Instagram is similar to Facebook in that you can advertise on it with images, videos and carousel ads as well. One thing to remember about video ads on this platform is they begin to play, with or without audio, as soon as users to scroll to them. This means that you can’t rely solely on audio to ensure the ad has an immediate effect. Instagram does have a specific feature that you can also use to your advantage, and that is Instagram Stories. It’s a very popular means of attracting the attention of prospective customers and getting them to click through your services. 

 

  1. Twitter

Twitter is a social media platform on which you can share content that’s catchy and to the point. It also allows for numerous promotional and advertising opportunities. There’s Twitter Promote Mode, with which you are automatically able to promote the first ten of your daily organic Tweets. This feature is for those marketers who have a substantial amount of content to share every day and who want their reach to increase at an impressive rate.

You also have the option of creating individual Twitter campaigns if you want more control over what you post and if you want to spend less on advertising. As with Facebook and Instagram, Twitter ads can also either be video- or image-based.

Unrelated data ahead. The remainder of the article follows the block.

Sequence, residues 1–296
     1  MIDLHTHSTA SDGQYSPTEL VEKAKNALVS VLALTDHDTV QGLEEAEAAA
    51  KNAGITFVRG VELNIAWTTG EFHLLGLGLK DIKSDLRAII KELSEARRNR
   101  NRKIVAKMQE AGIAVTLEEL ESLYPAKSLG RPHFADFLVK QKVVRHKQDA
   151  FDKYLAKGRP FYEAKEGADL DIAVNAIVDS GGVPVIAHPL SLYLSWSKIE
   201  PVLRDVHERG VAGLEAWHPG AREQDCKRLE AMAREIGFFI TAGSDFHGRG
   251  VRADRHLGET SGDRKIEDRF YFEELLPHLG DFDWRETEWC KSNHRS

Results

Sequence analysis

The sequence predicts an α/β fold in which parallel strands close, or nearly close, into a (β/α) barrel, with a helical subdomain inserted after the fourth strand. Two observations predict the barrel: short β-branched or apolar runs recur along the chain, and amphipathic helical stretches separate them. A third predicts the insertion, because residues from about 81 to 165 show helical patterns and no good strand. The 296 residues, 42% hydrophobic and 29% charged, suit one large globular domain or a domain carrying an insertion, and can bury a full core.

1. LinkedIn

Unlike Facebook, Twitter and Instagram, LinkedIn is an exclusively professional networking platform that allows to you get recognised by businesses and people searching for employment. When advertising on LinkedIn you have two options at your disposal. There’s the creation of sponsored posts that incorporate punchy wording and imagery, and there’s InMail message ads, which involves sending a personalised message straight to the inbox of a prospective customer. 

 

There are numerous social media advertising opportunities out there. Other platforms you can use include Spotify, Youtube, SnapChat and Pinterest. No matter your choice, always make sure you have the right objective and target audience in mind. By directing your social media ads towards the right audience and for the right purposes, you’ll have a better chance of increasing awareness of your brand and gaining a steady online following.

 

2020: the year of cross-departmental collaboration

2020: the year of cross-departmental collaboration

Many of today’s successful technology companies like Google, Facebook, Netflix and Amazon are focused on building collaborative environments. Why? Because of greater productivity and creativity. 

I’ve read somewhere that one of the biggest trends this year and the next in content marketing is more active engagement outside the silo. In an industry that is quickly evolving, this is essential for a culture of continuous improvement. 

Far too many marketing agencies still maintain school playground dynamics; the content producers are huddled in one corner, the PPC’ers in the other, and the Display team somewhere in the middle.  This tribalism can easily result into either a popularity contest about which department is the “cool kids table” or into a sort of communal disinterest in what others are up to.